I have two CPI settings for games 600 and 1200, I generally use these settings on competitors mice so I expect a certain response, in the likes of PUBG and Battlefield I use 1200CPI here I found the Flick 2 to handle that just fine, no problems playing at my usual level. For CS:GO I tend to like 600CPI, for some reason I couldn’t quite gel with the Flick 2 at that setting, increasing it to 700CPI helped and I was back to normal. The Pixart 3360 sensor as with others I have used is great for accuracy and has no problem tracking on a variety of mats that I have. The mouse is comfortable and long gaming sessions are achievable with this design.
So there we have it, another mouse from the Fnatic stable continuing to add value and features while replacing other products which helps make their range less crowded and easy to navigate.
The build quality of the Flick 2 is excellent, it feels very sturdy yet comfortable. The buttons click well with the familiar Omron switches doing their job nicely. The cable isn’t braided but that is much less of a concern for me these days as I have taken to using a bungee saving on tangles and dragging. Multiple profiles that remain on the mouse even if the software isn’t installed on a machine is an excellent implementation enabling travel and use on other systems in tournaments etc.
I really love the Fnatic OP software; its clear, uncluttered and performs without any issues despite still being in development. The size of the installed package is very much acceptable at less that 200Mb despite it supporting four of Fnatic’s main products. The menus sliding in and out is great for moving around the options and the software is quite intuitive to use. The mouse does lack Macro programming so bear that in mind if it’s a necessity.
The shape of this mouse is very similar to many others so there is an air of familiarity to it, this is of course down to lots of research from many companies trying to find common ground for the huge differences between various customers. I find the shape to suit both palm and claw styles for my hand size. The materials used feel of a good sturdy quality and are pleasant to use even over prolonged periods. The huge teflon glide pads are a massive bonus, some manufacturers put smaller ones at the front especially which can lead to a bit of dragging after some time. The Styling of the mouse is fairly understated, you can turn off the LED’s which is great if you are not a fan of the whole RGB scene, and aside from a bright orange bottom the mouse has a clean look.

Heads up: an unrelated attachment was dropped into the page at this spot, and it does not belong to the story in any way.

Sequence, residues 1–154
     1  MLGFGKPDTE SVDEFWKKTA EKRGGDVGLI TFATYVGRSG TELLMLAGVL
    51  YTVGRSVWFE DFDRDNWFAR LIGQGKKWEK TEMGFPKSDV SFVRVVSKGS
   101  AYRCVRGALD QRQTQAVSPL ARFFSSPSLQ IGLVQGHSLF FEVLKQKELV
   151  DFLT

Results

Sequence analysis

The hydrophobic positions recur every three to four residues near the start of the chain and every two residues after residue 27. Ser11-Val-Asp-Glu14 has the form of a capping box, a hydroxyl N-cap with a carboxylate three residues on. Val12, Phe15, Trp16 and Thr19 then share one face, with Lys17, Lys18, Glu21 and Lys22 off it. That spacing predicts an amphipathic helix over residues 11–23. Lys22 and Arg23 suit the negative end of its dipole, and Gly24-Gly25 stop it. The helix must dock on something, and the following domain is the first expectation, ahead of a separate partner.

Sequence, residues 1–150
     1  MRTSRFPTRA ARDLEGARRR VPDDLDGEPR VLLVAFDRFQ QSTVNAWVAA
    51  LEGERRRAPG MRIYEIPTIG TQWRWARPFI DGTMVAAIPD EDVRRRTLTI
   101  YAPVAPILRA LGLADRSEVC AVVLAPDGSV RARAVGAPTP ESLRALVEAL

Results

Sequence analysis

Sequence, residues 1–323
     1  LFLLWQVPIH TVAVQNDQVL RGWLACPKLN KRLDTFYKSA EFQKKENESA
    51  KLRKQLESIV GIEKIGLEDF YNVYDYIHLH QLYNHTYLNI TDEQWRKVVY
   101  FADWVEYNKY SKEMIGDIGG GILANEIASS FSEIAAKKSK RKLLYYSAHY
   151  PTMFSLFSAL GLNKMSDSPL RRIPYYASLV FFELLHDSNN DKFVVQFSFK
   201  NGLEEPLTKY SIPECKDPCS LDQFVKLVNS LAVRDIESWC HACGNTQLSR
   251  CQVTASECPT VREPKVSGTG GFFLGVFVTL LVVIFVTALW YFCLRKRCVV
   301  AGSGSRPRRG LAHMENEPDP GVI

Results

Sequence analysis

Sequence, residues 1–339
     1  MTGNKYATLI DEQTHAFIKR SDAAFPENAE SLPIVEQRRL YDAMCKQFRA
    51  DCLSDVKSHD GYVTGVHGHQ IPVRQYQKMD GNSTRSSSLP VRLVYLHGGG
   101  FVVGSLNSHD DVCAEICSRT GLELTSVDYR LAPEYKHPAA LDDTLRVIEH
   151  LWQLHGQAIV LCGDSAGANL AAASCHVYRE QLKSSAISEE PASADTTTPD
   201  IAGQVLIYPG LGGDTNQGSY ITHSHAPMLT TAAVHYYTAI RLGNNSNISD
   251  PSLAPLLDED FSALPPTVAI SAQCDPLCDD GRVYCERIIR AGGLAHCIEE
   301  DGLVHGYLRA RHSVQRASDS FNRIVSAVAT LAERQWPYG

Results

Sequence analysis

At the time of writing I can find the Flick 2 for £49.99 which is a little cheaper than shown on the Fnatic website. With a good build and great sensor this mouse should be considered against similar competition such as the Steelseries Rival 310 at exactly the same price. Choosing between them is difficult but I think the Fnatic software beats the Steelseries suite in footprint and functionality, it also nags much less.
Well, I have spent a good couple of weeks with the Flick 2 and can definitely recommend it. As with all mice, I urge you to try before you buy just to check the fit if nothing else. An excellent build, great components and just about spot on performance combined with one of the best configuration applications I have used to date, we are looking at some high awards. The only things holding this back from perfection are the lack of buttons for left handed users (even with an ambidextrous design shape) and no mouse macros. With that in mind I have great pleasure of awarding the Fnatic Flick 2 a solid Gold Award along with a Design Award especially aimed at the OP software, well done on that one Fnatic. Keep an eye out for the Clutch 2 review coming soon.
Thank you Fnatic for sending the Flick 2 in for review.